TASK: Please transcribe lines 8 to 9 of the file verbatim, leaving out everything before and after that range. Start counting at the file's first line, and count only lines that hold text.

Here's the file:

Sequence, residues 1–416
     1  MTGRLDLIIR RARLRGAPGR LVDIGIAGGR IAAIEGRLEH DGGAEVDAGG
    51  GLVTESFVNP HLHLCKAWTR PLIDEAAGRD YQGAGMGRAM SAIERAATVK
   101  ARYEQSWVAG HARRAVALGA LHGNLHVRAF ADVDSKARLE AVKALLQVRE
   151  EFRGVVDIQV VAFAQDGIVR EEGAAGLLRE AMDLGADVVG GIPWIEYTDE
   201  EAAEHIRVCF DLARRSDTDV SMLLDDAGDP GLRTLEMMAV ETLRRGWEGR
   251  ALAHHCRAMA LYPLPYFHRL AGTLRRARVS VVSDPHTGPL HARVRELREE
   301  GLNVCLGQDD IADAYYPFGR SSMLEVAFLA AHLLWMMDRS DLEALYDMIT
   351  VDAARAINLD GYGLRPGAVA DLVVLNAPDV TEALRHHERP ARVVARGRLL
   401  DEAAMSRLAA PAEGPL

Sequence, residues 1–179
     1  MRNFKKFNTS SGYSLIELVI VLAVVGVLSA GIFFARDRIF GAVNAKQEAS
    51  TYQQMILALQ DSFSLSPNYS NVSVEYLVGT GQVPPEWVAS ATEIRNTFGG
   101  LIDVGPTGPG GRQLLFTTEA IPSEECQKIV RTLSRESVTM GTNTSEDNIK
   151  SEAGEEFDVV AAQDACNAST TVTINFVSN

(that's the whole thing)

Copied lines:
   301  GLNVCLGQDD IADAYYPFGR SSMLEVAFLA AHLLWMMDRS DLEALYDMIT
   351  VDAARAINLD GYGLRPGAVA DLVVLNAPDV TEALRHHERP ARVVARGRLL